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This repository is a demonstration of a super simple Python package that implements some useful features for versioned packages:
- mkdocs-material for markdown-based documentation
- mkautodoc to automatically generate documentation of a Python API
- bump2version for bumping versions in an automated way
- mike to manage mkdocs documentation for multiple versions
This repo was created from audreyfeldroy/cookiecutter-pypackage.
The latest documentation can be obtained by appending
/latest/ to the end of the usual
GitHub Pages URL, or by adding
/major.minor to the URL:
First, we recommend setting up a virtual environment:
python -m virtualenv vp && source vp/bin/activate
Now install the required dependencies, then install the package:
pip3 install -r requirements.txt python3 setup.py build install
This will install the library into the virtual environment, so you should
be able to import the provided classes (for example,
$ python3 >>> from brad_pitt import Alpha
brad-pitt library also installs a command line tool
$ bp You are about to use the bradd-pitt library - Using Alpha class - Using Beta class - Brad Pitt fact: During the filming of one of his most popular movies Seven, Brad Pitt broke his arm. Instead of delaying the filming due to this unfortunate event, the director had the injury written into the script. Congrats! You successfully used the bradd-pitt library!
What is in this repo?
Main Directories and Files
src/directory: contains the source code for the
brad-pittlibrary. This is specifically named
setup.py, specifically the
package_dirparameter) to avoid having the source code and the egg that is generated start with the same prefix,
brad_pitt. (Mainly annoying from a tab completion perspective, but also redundancy.)
tests/directory: contains a few minimal tests. Nothing fancy.
docs/directory: contains the Markdown files for the mkdocs documentation.
.bumpversion.cfg: this configuration file is for
bump2version(which has superseded
bumpversion). This updates the version number in
Readme.md. By default it will create a commit and a git tag of the form
Makefile: provides several convenience methods for performing tasks in the repo
Other files with all-capital names:
CHANGELOG- keeps track of what has changed in each version of the code
MANIFEST.in- manifest file listing data files that will be bundled with this package
VERSION- contains the version of this library (updated automatically, do not change)
The makefile is used to perform various actions:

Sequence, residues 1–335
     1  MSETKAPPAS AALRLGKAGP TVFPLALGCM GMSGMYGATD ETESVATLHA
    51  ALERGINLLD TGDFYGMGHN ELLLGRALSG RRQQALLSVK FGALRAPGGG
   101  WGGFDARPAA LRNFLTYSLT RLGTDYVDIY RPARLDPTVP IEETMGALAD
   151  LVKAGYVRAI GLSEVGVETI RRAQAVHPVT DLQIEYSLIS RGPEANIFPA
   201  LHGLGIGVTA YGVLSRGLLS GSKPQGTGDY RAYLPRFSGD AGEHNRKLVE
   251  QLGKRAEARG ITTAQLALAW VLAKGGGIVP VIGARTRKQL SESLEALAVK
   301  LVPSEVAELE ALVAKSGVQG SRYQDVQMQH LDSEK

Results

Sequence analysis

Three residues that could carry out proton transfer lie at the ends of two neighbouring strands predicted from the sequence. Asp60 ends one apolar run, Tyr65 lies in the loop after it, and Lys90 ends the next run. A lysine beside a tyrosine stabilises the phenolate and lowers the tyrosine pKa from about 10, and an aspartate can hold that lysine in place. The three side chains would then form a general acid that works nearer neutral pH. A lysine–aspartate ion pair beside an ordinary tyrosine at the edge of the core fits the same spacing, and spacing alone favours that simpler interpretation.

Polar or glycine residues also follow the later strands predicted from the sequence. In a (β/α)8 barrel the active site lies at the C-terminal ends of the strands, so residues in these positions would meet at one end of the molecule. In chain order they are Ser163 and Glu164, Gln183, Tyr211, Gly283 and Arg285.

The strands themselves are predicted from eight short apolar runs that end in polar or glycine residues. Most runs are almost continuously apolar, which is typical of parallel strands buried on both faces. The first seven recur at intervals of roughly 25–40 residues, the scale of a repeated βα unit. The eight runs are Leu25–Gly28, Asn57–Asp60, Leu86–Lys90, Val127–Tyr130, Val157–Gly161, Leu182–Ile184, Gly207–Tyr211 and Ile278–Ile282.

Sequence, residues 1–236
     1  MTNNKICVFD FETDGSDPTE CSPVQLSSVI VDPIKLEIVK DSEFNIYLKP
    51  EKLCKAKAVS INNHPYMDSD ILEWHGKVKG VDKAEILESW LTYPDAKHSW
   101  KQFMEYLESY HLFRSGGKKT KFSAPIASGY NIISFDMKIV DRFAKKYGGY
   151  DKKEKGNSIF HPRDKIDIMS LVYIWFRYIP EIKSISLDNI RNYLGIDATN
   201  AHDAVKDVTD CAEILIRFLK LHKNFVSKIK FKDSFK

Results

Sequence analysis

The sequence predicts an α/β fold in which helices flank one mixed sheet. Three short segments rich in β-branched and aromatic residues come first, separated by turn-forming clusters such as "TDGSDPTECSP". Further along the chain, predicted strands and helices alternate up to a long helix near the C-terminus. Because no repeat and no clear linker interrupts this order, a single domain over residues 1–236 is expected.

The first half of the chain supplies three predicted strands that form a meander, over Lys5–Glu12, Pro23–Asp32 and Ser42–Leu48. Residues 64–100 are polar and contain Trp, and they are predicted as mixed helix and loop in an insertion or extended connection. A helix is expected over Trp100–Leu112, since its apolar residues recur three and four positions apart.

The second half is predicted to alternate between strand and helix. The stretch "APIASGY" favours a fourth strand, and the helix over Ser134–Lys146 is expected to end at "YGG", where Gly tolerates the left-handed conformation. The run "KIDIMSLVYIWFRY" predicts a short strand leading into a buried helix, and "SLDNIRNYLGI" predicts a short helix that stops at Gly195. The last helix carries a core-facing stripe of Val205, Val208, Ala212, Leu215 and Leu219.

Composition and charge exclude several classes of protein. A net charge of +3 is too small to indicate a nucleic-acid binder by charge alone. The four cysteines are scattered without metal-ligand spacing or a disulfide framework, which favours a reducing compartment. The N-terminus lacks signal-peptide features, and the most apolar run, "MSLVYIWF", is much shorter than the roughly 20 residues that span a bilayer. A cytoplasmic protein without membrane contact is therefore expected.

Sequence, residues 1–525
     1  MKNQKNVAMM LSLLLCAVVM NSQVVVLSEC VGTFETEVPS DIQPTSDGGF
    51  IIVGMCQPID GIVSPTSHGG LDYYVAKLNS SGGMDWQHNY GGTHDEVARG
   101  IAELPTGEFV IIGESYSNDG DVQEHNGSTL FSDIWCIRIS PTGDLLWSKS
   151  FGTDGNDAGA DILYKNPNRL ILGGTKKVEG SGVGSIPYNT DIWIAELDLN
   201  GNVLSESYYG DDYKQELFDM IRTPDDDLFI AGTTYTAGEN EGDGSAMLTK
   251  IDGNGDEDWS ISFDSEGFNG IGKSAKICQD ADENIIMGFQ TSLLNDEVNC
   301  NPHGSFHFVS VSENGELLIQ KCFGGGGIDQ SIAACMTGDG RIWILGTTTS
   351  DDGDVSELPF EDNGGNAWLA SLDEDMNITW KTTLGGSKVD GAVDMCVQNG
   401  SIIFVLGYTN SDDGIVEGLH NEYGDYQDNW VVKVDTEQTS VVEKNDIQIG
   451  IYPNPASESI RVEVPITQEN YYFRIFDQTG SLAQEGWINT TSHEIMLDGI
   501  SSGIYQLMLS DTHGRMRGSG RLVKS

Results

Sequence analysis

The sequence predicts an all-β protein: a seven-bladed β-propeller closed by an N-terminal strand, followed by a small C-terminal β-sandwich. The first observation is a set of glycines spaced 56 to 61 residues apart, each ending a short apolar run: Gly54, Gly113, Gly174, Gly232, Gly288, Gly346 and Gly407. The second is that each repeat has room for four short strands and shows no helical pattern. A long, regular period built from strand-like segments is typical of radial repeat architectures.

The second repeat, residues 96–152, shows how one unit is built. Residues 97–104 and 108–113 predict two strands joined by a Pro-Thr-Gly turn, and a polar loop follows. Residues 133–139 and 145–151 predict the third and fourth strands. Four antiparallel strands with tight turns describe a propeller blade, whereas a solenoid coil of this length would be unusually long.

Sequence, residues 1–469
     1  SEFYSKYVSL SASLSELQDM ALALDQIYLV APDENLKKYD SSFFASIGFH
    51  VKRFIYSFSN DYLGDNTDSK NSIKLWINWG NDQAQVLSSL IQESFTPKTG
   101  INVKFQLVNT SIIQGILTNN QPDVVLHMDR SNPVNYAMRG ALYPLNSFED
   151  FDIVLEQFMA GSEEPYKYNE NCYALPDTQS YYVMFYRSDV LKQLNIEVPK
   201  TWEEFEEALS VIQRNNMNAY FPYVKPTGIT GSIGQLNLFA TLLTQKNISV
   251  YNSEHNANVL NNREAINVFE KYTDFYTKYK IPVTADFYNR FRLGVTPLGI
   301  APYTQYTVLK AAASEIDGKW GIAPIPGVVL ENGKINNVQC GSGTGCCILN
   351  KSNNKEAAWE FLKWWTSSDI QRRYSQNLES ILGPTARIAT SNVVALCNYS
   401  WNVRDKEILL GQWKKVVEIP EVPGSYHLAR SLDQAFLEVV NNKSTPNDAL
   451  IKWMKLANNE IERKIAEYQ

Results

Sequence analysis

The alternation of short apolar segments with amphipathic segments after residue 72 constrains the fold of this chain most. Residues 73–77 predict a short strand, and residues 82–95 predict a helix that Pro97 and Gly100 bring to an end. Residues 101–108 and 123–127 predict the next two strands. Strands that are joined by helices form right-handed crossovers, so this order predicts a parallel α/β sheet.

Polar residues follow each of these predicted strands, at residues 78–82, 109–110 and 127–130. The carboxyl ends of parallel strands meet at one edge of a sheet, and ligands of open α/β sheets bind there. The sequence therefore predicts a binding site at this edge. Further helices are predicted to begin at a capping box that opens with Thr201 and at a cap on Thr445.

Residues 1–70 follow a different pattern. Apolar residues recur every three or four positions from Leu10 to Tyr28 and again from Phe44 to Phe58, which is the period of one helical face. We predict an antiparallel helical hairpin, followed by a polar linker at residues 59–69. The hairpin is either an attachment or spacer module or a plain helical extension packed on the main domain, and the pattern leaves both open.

$ source environment $ make help clean remove all build, test, and Python artifacts clean-build remove build artifacts clean-pyc remove Python file artifacts clean-test remove test and coverage artifacts lint check style docs generate mkdocs HTML documentation serve-docs serve the docs deploy-docs serve the docs test run tests quickly with the default Python test-all run tests on every Python version with tox build build and install the package into the active Python's site-packages dryrun_bump_major_version bump major version bump_major_version bump major version dryrun_bump_minor_version bump major version bump_minor_version bump minor version dryrun_bump_patch_version bump major version bump_patch_version bump patch version dryrun_release dry run: tag and cut a release release tag and cut a release release_tag only tag the release, do not cut it
Tests can be run with pytest:
pytest -vs tests/
What is the point of this example?
This example has three purposes:
The first purpose is to show (yet another) Python package example. There is no one way to create a Python package, everyone's needs are different, so implementing additional features or disabling other features can help others decide how to package their own Python code. The mkdocs-material documentation is not only versioned, but it looks as good as Brad Pitt's abs: https://charlesreid1-toy-factory.github.io/brad-pitt/latest
(The toy repositories in charlesreid1-toy-factory are also simple enough that they can only demonstrate a few best practices at a time.)
The second purpose is to demonstrate best practices for Python libraries that will have new versions released frequently, and show how to preserve documentation for prior versions alongside documentation for the current version.
The third purpose is to show how the principles of HubFlow can be implemented in practice, alongside tools like bump2version and mike.
What other goodies are shown off in this example?
This example also demonstrates:
How to bundle a JSON data file (or data directory) with your Python package, so that your library can have data files available alongside code files.
How to implement a minimal CLI tool with Click that can use the library (both the classes provided by the library, and the data bundled with the library).
What is not included in this example?
This example implements only the barest minimum CLI tool with Click.
This example does not implement any best practices for building a good CLI tool.